Omaha-based artist Ella Weber looks at connections between the everyday mundane, consumerism, sexuality, and spirituality through a suburban Midwestern ethos. As a resident of Nebraska, where the slogan is “The Good Life,” Weber questions what is meant by “good.” Politeness? Morality? Comfort? Success? Does Nebraska offer everyone this so-called good life? And is “good” good enough?

After completing graduate school, Weber got a job slicing meat behind the deli counter at a chain grocery store. The artist merged her creative practice with her time on the clock, turning the deli into a studio. Exploring corporate culture, comfort and convenience, the polite interactions of a service industry job, and the realities artists face to balance their creative practice and their bills, Weber crafts a strange and playful world in which we question social ideals and aspirations.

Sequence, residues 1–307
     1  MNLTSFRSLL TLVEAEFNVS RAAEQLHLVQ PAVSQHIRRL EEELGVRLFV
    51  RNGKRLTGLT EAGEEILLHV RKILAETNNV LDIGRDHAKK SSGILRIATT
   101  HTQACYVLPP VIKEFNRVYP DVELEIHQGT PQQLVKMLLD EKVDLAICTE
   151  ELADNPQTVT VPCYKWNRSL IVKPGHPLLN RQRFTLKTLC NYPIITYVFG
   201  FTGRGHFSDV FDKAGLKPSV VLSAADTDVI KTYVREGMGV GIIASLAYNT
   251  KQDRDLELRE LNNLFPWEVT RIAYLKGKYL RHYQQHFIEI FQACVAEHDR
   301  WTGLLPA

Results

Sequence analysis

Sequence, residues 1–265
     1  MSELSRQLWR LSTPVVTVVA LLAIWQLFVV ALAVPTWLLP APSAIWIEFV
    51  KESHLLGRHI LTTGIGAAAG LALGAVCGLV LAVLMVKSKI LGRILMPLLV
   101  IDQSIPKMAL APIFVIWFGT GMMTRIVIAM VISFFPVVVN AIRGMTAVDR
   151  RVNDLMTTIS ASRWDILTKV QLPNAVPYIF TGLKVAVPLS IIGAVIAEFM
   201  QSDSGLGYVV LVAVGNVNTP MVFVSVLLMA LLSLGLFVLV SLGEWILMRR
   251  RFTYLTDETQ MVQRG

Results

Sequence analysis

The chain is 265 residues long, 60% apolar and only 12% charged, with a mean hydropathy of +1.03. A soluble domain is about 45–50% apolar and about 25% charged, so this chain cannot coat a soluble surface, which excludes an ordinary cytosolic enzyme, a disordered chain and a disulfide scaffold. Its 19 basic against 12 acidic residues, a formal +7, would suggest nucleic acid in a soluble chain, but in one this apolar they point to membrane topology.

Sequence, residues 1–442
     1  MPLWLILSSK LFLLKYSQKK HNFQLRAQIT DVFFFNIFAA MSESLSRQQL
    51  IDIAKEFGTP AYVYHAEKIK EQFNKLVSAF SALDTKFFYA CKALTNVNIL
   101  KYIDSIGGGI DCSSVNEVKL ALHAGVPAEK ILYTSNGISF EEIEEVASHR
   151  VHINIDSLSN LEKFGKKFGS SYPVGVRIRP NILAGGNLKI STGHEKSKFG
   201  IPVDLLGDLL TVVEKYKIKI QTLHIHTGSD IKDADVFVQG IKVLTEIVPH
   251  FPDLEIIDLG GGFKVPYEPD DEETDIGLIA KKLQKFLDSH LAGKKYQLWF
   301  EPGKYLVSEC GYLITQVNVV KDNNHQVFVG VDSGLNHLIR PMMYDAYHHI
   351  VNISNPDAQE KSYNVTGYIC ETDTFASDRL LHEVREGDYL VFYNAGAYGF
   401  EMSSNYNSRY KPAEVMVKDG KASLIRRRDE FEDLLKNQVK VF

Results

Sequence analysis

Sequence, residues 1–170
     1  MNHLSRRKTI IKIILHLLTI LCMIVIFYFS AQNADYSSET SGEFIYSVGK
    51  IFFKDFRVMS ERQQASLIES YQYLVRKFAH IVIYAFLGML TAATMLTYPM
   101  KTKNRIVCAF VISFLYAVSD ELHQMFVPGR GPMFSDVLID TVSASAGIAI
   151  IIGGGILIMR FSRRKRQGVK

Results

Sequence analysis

Photos by Dana Damewood

Ella Weber intentionally maintains minimum wage jobs as a means to fuel her art, both financially and conceptually. In doing so, she utilizes various means to investigate the tension between consumer and viewer, performer and employee, artist and gallery. She earned a BFA from the University of Nebraska-Lincoln, and an MFA in printmaking from the University of Kansas. Weber has attended arts residencies at Oxbow School of Art, The Wassaic Project, Anderson Ranch, the Kimmel Harding Nelson Center for the Arts, and most recently, PrattMWP College of Art and Design in Utica, New York. The artist has exhibited nationally including exhibitions at Haw Contemporary in Kansas City, Suite & Bridges Gallery at the Lamar Dodd School of Art at the University of Georgia, Project Project in Omaha, and the Cube Art Project in Lincoln, among many other venues. She has taught at the University of Nebraska at Omaha, Pratt Munson-Williams-Proctor College of Art and Design, and as a mentor in Joslyn Art Museum’s Kent Bellows Mentorship program.
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